Rik was such a multifaceted person that you could know him for decades and still not know everything about him. To his kids and grandkids, he was their ever-supportive and caring Pop. To his students, he provided just the right combination of hands-on and hands-off instruction. To his friends, he was a loyal albeit reclusive companion, sharing a wry wit and a quiet sense of humor. To everyone in his life, whether he encountered them for only a minute or knew them for decades, he was kind, deeply thoughtful, and listened more than he talked. He never did say much, but you could definitely tell when Rik liked you.
Rik would take an interest in a creative endeavor and then work at it daily and doggedly until he was excellent at it. In his lifetime, he built violins, violas, and cellos; he was a passionate windsurfer, especially thrilled when Kansas’ famous high winds would whip up waves on its biggest reservoirs; he worked on his own cars up through the nineties; he taught himself myriad photographic processes and was continually refining his photographic skills until late into his life; and he was beloved by his students at the University of Kansas for the depth of his knowledge and his reserved yet observant teaching style.
Rik always said that had his family not moved away from Iowa, where he was born, he might have become a race car driver instead of an artist. Though not really into sports, Rik loved watching car races and boxing on television. He claimed that NASCAR had gotten “too safe”, so it was less fun to watch. His interest in the visual arts started at quite a young age, too; his grade cards from elementary school are telling. A’s in every art class; C’s and worse everywhere else. Luckily, his teachers saw his artistic talent and encouraged him to pursue it, though he joked that they often relied on him to create posters and other materials for their classes without renumeration.
It was looking unlikely that an MFA in fine arts was going to end up becoming a paying career when Rik was offered a temporary teaching position at the University of Kansas for Fall of 1968. The rest is literally history; Rik must have impressed KU, because his contracts were renewed; the acting chair of the department of drawing and painting became a lifelong friend; and the department itself in the late 1960s and 1970s became well-renowned for its quality faculty and the graduates it produced. The art scene in Lawrence during that time was vibrant and unparalleled, driven by the University and support from the local community. Kansas, of all places, hosted a world-class art scene, and Rik was integral to that. He taught at the university for 43 years, and was made professor emeritus in painting for his exceptional contributions to the department.
Some people knew Rik best as a musician, but he always downplayed his musical talents, choosing instead to delve into instrument making for a short while in the late 1970s and early 1980s. As with anything he studied, he mastered the art of making fine instruments from trees to tuning pegs. To this day, his violins and violas are still being played by dozens of musicians throughout the country. Rik was especially proud that his grandson plays one of the few cellos that he ever produced — and he plays it well. To his bass-playing kid’s chagrin, though, he never did end up building a contrabass. The scale of such an instrument is exponential compared to even a full-sized cello.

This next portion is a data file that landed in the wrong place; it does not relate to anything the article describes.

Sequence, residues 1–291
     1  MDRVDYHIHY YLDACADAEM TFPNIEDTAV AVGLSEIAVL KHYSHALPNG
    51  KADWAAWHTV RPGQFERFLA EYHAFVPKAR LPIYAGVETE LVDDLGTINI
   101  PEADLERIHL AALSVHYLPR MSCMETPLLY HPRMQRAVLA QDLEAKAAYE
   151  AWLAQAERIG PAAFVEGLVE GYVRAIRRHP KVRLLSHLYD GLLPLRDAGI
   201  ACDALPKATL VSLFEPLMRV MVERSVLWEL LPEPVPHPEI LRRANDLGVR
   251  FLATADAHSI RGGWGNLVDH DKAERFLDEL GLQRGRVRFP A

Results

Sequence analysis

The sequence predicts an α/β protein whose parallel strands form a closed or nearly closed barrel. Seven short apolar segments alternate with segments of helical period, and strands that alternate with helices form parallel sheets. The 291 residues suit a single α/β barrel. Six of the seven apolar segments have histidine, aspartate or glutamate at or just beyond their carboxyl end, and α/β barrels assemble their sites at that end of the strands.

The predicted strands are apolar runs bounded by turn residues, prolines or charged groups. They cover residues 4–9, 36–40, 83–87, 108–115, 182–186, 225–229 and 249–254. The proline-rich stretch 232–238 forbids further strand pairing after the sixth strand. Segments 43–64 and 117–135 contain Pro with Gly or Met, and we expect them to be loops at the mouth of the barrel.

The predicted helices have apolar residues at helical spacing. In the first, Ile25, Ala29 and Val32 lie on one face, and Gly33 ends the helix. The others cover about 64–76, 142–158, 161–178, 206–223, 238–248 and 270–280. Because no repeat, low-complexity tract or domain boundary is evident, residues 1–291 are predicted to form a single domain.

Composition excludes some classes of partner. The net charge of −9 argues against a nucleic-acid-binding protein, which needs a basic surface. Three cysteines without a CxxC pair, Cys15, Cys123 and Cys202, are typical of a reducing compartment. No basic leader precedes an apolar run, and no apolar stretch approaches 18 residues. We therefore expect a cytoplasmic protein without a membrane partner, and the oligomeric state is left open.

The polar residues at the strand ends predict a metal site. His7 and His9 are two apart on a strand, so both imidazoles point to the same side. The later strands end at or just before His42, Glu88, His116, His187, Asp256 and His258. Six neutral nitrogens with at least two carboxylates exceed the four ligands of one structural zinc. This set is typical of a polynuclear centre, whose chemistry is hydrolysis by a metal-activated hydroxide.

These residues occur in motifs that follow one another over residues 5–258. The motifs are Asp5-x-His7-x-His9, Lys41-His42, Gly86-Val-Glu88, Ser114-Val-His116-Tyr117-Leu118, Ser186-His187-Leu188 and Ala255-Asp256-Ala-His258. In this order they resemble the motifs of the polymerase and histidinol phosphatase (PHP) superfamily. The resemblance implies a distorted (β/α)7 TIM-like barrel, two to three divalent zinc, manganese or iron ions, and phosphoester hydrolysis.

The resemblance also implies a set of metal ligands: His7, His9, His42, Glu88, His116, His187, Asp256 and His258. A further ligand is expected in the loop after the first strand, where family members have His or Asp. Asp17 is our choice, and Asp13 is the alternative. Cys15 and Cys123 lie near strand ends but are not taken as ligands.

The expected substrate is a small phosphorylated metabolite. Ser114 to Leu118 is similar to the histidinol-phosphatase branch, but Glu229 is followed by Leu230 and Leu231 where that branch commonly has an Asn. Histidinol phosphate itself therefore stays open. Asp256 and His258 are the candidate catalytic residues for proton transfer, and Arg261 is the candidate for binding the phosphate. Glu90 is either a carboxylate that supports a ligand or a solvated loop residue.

Throughout his artistic career, Rik worked in almost every medium available for painting and drawing, including acrylics, oil, charcoal, pencil, printing processes, lithography and even xerography. Later in his career, his passion for pre-digital photography and printing came to the forefront. He could be seen lugging big, wooden box cameras around North Lawrence, where his studio was located, often taking photos of his beloved Kansas River. Large-format photography and printing, along with diorama and collage, made up most of his work later in life. He was skilled with everything from pinhole cameras to ground-glass lenses from the 1860s. Digital photography never entered the picture; though he was a dad with an iPad, he took maybe one cat photo with it, ever. One.
Some of Rik’s works are scheduled to be placed in art shows in the coming years thanks to the tireless efforts of the Lawrence Lithography workshop. It is expected that Rik will have a piece submitted to the Library of Congress, and he has a piece in the Nelson Atkins’ collection. Rik’s kids are hoping to hold a small retrospective of some of his later works at a venue still to be decided once pandemic restrictions are eased.
There is no memorial service, per Rik’s wishes, but a celebration of his life with his friends and family is in the works for mid-2022. This will probably be held at Clinton Lake, a place he truly loved.
The family encourages friends, colleagues, students, neighbors, and anyone whose lives Rik touched to continue to share their memories with them and to continue to celebrate Rik in creative and thoughtful ways. His kids will be collecting stories, photographs, and other shared memories on a blog that will be maintained and updated regularly. Rik wasn’t digital, but his eldest kid does know their way around WordPress fairly well.
Rik loved animals and donated to the local animal shelter regularly. He always said he avoided going to the shelter in person, though, because he would want to bring every single animal home. The family heartily encourages donations to the Lawrence Humane Society in his memory. These donations may be sent in care of Warren-McElwain Mortuary, 120 W. 13th Street, Lawrence, KS 66044.